Prof. Branner then describes a third class of supposed erratic, derived from certain sandstone beds of the tertiary deposits, which, by exposure, change to the hardest kind of quartzite, and when the surrounding strata are removed by denudation, and a few blocks of this quartzite are left, they are so unlike the rocks by which they are surrounded that unless the observer has given a special study to the tertiary sediments, he is liable to be misled by them.
The wide-spread coating of drift-like materials that covers considerable areas of the country, consisting of boulders, cobbles, and gravels, sometimes assorted and sometimes having clay and sand mixed with them, are then described, and are shown to be due to the denudation of the tertiary beds during the last emergence of the land, aided by subsequent subaërial denudation and surface wash. Prof. Branner thus concludes:--
"I may sum up my own views with the statement that I did not see, during eight years of travel and geological observations that extended from the Amazon valley and the coast through the highlands of Brazil and to the head waters of the Paraguay and the Tapagos, a single phenomenon in the way of boulders, gravels, clays, soils, surfaces, or topography, that required to be referred to glaciation."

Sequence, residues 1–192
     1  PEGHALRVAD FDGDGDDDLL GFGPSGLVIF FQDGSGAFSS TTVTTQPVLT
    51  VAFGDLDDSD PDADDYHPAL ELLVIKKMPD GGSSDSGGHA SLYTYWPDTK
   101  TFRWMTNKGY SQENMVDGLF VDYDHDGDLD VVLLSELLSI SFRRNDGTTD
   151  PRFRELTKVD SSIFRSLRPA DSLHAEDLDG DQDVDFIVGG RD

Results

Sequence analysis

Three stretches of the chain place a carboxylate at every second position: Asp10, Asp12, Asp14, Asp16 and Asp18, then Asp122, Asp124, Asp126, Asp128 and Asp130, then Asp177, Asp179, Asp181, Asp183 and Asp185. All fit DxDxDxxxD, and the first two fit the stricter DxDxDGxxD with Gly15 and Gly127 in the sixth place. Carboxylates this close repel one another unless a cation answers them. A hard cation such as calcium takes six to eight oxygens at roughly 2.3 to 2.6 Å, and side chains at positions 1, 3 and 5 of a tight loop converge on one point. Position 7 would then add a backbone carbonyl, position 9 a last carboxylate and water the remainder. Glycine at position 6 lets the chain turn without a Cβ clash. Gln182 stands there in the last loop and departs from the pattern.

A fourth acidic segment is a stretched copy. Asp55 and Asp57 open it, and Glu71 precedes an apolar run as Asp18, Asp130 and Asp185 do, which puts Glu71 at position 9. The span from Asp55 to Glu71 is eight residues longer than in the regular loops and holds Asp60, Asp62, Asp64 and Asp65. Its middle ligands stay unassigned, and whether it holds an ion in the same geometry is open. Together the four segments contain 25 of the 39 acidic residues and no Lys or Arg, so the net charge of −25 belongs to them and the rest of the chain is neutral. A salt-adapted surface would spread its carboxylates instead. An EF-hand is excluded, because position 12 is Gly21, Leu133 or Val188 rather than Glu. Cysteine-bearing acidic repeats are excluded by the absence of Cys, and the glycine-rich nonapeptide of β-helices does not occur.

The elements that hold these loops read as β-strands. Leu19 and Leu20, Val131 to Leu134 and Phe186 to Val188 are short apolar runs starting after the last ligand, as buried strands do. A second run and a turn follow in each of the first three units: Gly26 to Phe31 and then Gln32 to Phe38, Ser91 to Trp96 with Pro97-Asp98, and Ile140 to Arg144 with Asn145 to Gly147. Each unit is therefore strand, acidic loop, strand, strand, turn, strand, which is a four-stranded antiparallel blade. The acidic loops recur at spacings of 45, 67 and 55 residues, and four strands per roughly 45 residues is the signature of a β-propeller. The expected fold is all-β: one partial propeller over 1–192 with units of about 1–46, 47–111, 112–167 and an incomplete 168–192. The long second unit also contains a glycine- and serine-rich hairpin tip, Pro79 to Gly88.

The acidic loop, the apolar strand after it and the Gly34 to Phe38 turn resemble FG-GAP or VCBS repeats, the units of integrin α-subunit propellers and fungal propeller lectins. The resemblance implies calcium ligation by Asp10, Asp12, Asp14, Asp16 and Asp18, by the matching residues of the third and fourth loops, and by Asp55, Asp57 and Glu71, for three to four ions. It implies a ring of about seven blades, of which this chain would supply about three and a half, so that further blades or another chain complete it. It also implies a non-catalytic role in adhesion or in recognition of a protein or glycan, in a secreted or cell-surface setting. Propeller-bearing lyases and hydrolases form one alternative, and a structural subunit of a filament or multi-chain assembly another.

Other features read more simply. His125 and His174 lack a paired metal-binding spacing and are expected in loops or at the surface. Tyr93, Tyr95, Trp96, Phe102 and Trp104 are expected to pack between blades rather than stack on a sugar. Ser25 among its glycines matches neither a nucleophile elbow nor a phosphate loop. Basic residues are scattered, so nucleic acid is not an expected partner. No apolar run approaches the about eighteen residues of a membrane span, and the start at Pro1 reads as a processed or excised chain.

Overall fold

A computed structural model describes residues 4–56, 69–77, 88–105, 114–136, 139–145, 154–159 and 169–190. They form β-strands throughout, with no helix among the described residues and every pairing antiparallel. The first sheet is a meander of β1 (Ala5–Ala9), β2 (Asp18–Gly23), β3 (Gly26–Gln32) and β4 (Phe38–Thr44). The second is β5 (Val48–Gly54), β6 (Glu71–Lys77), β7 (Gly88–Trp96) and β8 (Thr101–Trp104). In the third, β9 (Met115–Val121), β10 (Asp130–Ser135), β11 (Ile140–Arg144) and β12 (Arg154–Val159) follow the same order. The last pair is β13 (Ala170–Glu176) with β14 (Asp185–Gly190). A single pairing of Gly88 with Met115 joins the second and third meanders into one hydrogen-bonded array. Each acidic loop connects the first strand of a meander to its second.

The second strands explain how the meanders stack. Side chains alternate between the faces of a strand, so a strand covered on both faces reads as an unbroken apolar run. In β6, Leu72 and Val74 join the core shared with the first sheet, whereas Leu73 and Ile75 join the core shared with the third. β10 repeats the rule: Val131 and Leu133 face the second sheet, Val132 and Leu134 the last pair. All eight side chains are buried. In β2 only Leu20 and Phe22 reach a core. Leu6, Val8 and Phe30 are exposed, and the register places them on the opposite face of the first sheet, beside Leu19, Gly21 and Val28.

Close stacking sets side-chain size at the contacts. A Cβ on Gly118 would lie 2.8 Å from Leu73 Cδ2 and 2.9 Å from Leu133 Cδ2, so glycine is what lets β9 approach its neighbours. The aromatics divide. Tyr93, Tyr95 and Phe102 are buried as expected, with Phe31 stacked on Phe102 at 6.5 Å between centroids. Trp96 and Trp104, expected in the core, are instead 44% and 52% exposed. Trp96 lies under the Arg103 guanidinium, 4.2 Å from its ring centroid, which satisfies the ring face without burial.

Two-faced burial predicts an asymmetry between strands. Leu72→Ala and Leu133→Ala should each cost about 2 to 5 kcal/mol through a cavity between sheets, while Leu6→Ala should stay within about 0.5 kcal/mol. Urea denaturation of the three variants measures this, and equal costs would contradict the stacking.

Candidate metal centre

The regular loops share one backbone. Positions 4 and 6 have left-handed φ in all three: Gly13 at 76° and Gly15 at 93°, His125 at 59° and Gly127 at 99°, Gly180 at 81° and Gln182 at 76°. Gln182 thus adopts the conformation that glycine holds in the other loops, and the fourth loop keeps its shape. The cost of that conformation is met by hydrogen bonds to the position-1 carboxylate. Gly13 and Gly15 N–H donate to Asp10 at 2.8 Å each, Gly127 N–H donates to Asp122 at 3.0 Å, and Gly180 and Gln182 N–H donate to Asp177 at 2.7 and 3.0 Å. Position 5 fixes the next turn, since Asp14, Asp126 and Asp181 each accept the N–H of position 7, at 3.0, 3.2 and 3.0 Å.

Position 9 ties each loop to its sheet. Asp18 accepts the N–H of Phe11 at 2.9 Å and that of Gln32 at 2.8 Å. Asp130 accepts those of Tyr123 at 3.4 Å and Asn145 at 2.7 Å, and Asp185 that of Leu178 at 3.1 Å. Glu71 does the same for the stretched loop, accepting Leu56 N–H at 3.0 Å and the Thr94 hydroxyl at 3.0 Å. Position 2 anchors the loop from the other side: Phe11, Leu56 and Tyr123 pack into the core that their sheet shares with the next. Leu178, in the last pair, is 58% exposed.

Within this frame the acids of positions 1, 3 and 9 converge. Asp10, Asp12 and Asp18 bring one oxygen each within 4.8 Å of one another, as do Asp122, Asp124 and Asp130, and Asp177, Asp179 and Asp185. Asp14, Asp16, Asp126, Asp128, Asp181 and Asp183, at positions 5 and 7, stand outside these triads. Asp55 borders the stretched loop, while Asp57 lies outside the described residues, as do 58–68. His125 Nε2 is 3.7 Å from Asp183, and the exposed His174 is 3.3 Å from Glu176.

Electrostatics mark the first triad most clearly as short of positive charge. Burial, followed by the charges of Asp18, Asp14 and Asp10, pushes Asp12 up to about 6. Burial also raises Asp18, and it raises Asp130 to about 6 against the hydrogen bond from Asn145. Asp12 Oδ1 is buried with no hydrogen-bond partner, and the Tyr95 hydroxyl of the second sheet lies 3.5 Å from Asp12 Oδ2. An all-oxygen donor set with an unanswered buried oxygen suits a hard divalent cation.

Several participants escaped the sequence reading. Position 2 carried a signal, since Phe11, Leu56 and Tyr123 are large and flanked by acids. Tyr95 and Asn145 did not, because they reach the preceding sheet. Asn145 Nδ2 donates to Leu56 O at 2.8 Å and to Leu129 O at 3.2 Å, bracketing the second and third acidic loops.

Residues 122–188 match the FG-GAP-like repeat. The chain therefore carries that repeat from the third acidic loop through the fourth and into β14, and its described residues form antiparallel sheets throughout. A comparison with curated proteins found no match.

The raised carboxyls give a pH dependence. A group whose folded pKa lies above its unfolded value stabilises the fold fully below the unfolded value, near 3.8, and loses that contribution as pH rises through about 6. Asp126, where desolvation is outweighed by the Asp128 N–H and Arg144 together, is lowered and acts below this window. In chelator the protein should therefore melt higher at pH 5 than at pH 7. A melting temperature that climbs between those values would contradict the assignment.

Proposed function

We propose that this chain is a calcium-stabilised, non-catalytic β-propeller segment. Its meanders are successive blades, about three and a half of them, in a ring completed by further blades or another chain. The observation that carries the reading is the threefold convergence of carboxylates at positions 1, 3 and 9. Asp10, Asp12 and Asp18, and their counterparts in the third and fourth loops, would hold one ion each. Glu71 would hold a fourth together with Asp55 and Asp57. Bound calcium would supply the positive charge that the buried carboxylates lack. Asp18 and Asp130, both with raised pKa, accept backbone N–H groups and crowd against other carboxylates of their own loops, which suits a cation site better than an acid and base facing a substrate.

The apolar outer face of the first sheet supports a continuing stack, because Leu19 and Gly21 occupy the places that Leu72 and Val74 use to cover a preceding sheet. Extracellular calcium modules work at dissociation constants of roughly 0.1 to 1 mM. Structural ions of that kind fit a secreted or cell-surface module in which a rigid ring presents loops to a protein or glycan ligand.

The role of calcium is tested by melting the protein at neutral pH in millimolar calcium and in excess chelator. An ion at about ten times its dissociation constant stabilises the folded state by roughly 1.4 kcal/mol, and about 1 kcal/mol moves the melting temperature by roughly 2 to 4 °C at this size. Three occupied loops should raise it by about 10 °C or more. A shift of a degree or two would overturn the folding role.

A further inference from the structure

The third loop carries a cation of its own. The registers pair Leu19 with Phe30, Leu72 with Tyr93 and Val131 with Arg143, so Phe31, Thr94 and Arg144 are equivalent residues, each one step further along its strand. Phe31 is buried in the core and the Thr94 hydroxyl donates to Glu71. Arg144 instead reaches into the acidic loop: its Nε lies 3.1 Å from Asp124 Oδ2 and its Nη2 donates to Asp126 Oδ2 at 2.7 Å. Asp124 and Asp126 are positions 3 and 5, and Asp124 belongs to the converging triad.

The very clear statement above given of the real nature of the phenomena which deceived Prof. Agassiz and Mr. Hartt, is very instructive, and it shows us that a superficial resemblance to drift, boulder-clay, and erratic blocks, in a comparatively unknown country, must not be held to be proofs of glaciation. [[p. 590]] We require either striated rock surfaces or boulders, or undoubted roches moutonnées, or erratics, which can be proved not to exist sufficiently near to have been brought by "creep" or land-slides. In view of these liabilities to error, we may be almost sure that the supposed evidences of glaciation described by the late Mr. Belt in his "Naturalist in Nicaragua" (p. 260), are explicable in the same manner as the Brazilian evidences, since he nowhere found glacial striæ or any boulders that could be proved to be true erratics; and this is the more certain because he himself states (p. 265), "I have myself seen, near Pernambuco, and in the province of Maranham, in Brazil, a great drift deposit that I believe to be of glacial origin."
All students of the past and present history of the earth are indebted to Prof. Branner for having relieved them of a great difficulty--a true glacial nightmare--that of having to explain the recent occurrence of glaciation on a large scale far within the tropics and on surfaces not much elevated above the sea-level.